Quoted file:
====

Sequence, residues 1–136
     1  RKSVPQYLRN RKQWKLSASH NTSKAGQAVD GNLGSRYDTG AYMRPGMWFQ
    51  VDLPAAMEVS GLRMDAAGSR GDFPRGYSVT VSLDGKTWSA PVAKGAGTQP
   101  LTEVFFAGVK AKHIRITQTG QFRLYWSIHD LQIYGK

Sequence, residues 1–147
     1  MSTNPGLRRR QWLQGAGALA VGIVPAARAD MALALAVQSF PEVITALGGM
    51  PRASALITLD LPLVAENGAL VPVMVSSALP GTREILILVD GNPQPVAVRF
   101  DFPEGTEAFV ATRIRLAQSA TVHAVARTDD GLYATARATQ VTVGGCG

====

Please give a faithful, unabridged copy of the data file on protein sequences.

Sequence, residues 1–136
     1  RKSVPQYLRN RKQWKLSASH NTSKAGQAVD GNLGSRYDTG AYMRPGMWFQ
    51  VDLPAAMEVS GLRMDAAGSR GDFPRGYSVT VSLDGKTWSA PVAKGAGTQP
   101  LTEVFFAGVK AKHIRITQTG QFRLYWSIHD LQIYGK

Sequence, residues 1–147
     1  MSTNPGLRRR QWLQGAGALA VGIVPAARAD MALALAVQSF PEVITALGGM
    51  PRASALITLD LPLVAENGAL VPVMVSSALP GTREILILVD GNPQPVAVRF
   101  DFPEGTEAFV ATRIRLAQSA TVHAVARTDD GLYATARATQ VTVGGCG